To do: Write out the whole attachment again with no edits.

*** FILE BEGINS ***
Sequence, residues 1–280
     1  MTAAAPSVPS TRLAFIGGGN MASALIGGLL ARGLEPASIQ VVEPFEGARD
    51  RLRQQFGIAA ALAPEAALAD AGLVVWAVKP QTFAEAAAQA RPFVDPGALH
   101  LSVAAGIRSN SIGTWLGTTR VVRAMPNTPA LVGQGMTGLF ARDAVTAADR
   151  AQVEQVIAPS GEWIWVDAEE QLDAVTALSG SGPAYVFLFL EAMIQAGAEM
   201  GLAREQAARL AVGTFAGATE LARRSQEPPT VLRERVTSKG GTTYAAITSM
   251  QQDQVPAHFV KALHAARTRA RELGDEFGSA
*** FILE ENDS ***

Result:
Sequence, residues 1–280
     1  MTAAAPSVPS TRLAFIGGGN MASALIGGLL ARGLEPASIQ VVEPFEGARD
    51  RLRQQFGIAA ALAPEAALAD AGLVVWAVKP QTFAEAAAQA RPFVDPGALH
   101  LSVAAGIRSN SIGTWLGTTR VVRAMPNTPA LVGQGMTGLF ARDAVTAADR
   151  AQVEQVIAPS GEWIWVDAEE QLDAVTALSG SGPAYVFLFL EAMIQAGAEM
   201  GLAREQAARL AVGTFAGATE LARRSQEPPT VLRERVTSKG GTTYAAITSM
   251  QQDQVPAHFV KALHAARTRA RELGDEFGSA